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1 November 2008 Limited Geographic Variation in the Vocalizations of the Endangered Thick-Billed Parrot: Implications for Conservation Strategies
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Abstract

The populations of many species are declining worldwide, and conservation efforts struggle to keep pace with extinction rates. Conservation biologists commonly employ strategies such as translocation and reintroduction, which move individuals of endangered species from one part of their range to another. Because individuals from endangered populations are nonexpendable, identifying any potential barriers to the establishment of viable populations prior to release of individuals should be a priority. This study evaluates the potential for learned communication signals to constrain conservation strategies such as reintroduction in an endangered species, the Thick-billed Parrot (Rhynchopsitta pachyrhyncha). We conducted vocal surveys at three geographically distinct breeding populations in the Sierra Madre Occidental of Chihuahua, Mexico. Acoustic analyses utilizing both spectrogram cross-correlations and parameter measurements from spectrograms revealed no significant differences among the three sites in two common call types. Calls did vary among individuals within a site. The apparent lack of significant geographic variation across sampled sites suggests that differences in learned communication signals are unlikely to pose a barrier to the integration of translocated individuals from different populations into newly established populations.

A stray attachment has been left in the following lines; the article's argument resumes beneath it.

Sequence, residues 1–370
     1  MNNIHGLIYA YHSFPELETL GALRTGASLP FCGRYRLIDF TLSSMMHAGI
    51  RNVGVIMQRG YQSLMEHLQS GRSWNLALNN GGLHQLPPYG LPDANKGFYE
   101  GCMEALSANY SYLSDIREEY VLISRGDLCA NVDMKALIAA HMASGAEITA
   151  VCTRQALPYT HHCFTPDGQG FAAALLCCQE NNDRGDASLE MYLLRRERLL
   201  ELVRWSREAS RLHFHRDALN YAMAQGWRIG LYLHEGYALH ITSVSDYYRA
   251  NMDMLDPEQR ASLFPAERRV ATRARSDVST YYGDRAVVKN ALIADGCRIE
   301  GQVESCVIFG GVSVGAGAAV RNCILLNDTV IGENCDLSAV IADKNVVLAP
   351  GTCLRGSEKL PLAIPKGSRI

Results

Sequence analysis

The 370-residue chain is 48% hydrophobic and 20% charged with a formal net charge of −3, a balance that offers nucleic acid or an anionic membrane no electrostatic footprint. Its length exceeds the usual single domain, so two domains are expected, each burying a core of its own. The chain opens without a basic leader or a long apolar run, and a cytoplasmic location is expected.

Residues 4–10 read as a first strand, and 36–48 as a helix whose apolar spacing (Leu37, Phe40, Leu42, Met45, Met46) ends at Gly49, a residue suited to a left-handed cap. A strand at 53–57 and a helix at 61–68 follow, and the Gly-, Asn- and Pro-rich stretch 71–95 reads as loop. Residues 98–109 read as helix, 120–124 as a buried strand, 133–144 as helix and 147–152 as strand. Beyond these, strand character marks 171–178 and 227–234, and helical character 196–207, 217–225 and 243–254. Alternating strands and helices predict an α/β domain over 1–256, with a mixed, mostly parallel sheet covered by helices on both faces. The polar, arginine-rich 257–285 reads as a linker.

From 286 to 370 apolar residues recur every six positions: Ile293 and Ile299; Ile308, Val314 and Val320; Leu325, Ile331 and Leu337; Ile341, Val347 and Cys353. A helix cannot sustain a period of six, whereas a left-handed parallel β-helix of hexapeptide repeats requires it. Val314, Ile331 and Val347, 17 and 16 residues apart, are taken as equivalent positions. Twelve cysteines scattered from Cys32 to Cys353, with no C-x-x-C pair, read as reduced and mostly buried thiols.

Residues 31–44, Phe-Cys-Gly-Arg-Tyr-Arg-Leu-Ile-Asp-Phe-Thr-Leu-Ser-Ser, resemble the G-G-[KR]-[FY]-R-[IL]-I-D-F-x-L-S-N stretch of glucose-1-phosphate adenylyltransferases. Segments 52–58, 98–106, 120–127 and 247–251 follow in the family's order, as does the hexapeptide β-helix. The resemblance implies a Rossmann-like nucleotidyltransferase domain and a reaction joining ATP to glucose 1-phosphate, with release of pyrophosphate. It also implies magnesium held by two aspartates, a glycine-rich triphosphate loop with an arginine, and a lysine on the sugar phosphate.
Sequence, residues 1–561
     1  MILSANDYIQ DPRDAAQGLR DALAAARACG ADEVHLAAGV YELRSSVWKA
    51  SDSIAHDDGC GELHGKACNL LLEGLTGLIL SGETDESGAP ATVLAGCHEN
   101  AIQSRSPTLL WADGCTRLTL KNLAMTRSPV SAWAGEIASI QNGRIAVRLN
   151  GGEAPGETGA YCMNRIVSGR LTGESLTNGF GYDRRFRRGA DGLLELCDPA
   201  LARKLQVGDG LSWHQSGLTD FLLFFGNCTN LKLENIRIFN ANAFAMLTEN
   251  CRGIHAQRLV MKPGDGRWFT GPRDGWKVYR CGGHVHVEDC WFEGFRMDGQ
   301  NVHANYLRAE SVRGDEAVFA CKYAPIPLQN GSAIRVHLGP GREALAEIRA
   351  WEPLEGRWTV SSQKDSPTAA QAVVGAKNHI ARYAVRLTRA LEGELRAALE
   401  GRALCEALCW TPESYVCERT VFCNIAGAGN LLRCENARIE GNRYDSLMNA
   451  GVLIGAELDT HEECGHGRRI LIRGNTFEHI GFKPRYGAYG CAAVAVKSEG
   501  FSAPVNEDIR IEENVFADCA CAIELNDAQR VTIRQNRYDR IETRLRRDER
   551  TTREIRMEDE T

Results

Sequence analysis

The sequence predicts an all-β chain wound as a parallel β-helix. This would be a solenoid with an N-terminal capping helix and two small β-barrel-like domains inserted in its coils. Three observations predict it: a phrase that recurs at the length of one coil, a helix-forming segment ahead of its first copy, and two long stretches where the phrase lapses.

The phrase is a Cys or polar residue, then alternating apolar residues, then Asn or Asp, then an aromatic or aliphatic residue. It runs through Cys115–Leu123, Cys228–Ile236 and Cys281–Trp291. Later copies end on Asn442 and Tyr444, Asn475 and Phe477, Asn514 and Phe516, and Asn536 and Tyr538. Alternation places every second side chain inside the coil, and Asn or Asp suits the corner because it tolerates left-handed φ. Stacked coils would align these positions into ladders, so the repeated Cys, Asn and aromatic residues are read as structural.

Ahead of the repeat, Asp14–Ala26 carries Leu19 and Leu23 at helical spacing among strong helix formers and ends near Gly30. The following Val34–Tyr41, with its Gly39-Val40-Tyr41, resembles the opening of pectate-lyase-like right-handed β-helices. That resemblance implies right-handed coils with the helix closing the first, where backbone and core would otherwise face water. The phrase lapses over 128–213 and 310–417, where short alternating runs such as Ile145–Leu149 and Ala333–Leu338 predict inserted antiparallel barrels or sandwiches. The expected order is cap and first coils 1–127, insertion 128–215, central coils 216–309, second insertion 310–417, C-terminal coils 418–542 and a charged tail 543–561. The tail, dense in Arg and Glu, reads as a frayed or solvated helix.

Jaime E. Guerra, Javier Cruz-Nieto, Sonia Gabriela Ortiz-Maciel, and Timothy F. Wright "Limited Geographic Variation in the Vocalizations of the Endangered Thick-Billed Parrot: Implications for Conservation Strategies," The Condor 110(4), 639-647, (1 November 2008). https://doi.org/10.1525/cond.2008.8609
Received: 22 April 2008; Accepted: 1 October 2008; Published: 1 November 2008
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